So let’s get off cosmology and talk a little baseball.
I finally saw Moneyball last night, in time for the Oscars. Some comments:
- For weeks Moneyball has been at the top of my Netflix queue, but they never sent it to me, so I finally had to get it on-demand from Verizon. Netflix is having problems with its business model, seems to me.
- Paul DePodesta (the original for Jonah Hill’s character) didn’t allow his name to be used in the movie. I don’t know which came first — DePodesta refusing permission to use his name or the decision to make the character fat and unathletic (DePodesta is neither). Oddly, they also made the character a Yale graduate, whereas DePodesta went to Harvard. Maybe Aaron Sorkin was tired of writing about Harvard characters after The Social Network. Or maybe they thought that going to Yale went along with being fat and unathletic. (Jonah Hill was terrific, by the way.)
- The movie glosses over the central difficulty with the pure Moneyball approach — that it ignores the player’s character in favor of his statistics. The scene where Billy Beane yells at Jeremy Giambi is great — but we aren’t reminded that the scouts explicitly warned Billy about Giambi’s character when his name came up before the season. On-base percentage isn’t everything.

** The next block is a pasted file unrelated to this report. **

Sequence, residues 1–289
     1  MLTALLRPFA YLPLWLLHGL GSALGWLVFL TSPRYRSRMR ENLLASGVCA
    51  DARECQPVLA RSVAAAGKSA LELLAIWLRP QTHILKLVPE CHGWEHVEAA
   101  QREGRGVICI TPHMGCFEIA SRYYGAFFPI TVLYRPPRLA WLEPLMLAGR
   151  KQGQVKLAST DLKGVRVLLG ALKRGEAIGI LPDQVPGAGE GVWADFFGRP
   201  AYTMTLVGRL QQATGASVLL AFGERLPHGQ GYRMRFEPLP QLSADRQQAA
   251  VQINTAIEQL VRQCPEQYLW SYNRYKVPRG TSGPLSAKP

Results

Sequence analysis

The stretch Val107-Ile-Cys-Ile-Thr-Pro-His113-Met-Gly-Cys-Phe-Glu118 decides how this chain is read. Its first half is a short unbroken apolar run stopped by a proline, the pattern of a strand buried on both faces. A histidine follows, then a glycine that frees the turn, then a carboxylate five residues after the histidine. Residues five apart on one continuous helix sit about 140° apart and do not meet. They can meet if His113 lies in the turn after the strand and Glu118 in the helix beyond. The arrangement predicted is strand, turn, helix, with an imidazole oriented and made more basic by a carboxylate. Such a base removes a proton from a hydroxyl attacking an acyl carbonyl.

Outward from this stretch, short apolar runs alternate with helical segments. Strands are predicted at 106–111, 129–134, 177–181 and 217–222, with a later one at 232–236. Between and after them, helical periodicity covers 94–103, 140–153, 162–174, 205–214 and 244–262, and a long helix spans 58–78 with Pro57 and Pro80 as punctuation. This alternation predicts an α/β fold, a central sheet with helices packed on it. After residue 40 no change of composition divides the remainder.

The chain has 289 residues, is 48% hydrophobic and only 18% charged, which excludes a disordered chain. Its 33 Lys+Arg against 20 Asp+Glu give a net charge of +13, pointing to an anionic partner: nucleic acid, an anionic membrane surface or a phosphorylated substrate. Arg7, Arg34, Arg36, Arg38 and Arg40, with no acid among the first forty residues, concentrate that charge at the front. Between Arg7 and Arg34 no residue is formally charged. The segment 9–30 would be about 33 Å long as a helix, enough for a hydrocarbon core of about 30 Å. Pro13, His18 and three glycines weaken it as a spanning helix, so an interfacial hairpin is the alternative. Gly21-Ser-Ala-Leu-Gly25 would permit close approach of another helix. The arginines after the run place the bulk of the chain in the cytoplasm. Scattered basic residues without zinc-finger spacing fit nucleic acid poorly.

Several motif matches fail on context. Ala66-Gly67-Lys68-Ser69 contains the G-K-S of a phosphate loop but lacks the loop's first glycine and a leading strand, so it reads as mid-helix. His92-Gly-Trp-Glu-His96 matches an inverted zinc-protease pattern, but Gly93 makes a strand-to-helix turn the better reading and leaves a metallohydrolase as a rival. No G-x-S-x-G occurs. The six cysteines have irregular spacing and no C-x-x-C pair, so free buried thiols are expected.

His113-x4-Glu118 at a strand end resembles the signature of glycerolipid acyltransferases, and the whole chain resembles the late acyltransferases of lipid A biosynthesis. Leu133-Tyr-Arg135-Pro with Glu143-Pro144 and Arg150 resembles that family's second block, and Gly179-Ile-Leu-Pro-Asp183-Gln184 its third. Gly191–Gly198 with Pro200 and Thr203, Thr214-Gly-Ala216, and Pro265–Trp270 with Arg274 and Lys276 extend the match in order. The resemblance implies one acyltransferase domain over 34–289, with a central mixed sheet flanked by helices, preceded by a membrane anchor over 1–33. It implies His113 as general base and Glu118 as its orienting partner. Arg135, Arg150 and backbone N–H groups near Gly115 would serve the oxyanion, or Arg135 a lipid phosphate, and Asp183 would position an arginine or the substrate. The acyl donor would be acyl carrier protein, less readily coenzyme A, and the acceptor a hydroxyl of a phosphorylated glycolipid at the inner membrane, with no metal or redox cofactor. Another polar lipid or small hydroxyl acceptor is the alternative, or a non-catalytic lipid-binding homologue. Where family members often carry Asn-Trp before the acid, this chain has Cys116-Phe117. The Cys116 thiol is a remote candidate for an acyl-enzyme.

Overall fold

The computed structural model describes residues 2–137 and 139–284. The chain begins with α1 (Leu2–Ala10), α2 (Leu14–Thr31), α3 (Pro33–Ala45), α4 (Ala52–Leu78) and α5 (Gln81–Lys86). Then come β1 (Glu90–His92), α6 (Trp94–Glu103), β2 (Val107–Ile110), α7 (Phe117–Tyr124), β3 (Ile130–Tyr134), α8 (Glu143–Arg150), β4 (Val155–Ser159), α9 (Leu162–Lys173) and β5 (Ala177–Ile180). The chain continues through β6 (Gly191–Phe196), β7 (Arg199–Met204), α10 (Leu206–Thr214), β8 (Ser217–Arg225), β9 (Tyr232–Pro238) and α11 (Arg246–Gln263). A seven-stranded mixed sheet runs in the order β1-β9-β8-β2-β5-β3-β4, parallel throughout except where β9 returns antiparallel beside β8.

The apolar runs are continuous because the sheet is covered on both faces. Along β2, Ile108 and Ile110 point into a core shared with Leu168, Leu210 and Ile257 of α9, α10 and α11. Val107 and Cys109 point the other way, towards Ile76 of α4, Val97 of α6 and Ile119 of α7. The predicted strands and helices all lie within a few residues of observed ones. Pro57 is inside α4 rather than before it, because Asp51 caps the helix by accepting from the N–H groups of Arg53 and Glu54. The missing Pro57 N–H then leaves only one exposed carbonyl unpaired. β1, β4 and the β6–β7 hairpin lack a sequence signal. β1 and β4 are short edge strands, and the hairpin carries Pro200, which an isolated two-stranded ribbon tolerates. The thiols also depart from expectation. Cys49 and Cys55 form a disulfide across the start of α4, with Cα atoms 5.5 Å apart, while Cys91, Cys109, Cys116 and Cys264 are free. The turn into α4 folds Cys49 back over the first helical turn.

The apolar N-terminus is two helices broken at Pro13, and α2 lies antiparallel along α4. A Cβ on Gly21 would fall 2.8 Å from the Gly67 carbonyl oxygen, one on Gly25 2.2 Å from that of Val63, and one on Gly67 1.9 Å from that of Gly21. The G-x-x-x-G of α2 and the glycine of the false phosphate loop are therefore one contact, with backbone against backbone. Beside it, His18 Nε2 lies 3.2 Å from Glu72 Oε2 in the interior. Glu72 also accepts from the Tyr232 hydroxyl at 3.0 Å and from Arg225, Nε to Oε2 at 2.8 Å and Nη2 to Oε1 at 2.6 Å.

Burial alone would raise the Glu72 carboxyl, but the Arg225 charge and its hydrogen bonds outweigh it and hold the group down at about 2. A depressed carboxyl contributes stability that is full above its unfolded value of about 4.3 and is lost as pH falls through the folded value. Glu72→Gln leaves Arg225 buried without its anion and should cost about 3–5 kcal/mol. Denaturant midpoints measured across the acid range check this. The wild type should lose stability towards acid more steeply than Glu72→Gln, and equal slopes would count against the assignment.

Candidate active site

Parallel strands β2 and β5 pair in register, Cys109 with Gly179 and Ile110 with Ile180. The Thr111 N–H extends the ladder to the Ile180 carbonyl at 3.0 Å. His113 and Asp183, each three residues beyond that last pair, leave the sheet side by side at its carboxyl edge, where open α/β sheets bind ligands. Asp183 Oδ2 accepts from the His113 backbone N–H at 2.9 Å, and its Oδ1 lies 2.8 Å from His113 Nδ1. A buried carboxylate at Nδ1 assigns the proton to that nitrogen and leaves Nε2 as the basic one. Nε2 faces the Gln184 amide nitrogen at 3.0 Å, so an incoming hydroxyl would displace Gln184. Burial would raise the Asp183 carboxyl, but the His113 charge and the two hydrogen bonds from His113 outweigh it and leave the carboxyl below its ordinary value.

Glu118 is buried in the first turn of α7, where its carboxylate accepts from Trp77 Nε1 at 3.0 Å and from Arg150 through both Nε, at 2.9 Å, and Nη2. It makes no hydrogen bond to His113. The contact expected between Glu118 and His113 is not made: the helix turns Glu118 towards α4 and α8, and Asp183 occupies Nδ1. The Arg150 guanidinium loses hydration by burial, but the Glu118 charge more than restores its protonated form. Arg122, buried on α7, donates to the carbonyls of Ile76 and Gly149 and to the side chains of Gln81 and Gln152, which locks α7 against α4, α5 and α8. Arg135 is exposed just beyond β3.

- Of the nominated movies I’ve seen, I think The Descendants probably has a better adapted screenplay than Moneyball. But the Ricardo Rincon trade scene with Brad Pitt and Jonah Hill was Aaron Sorkin at his best — almost as good as the opening scene of The Social Network. Nobody writes dialogue for intelligent people as well as Sorkin.
- I was wondering how the movie would handle the ending; after all (spoiler alert, I guess), Billy Beane has never won anything with his Moneyball theory. It takes the odd approach of using the Red Sox World Series win in 2004 as its happy ending — since John Henry embraced Moneyball when he bought the franchise. OK, I guess… The problem for Billy Beane, of course, was that once big-budget teams started copying his methods, he was pretty much back where he started — trying to make things work with a shoestring budget.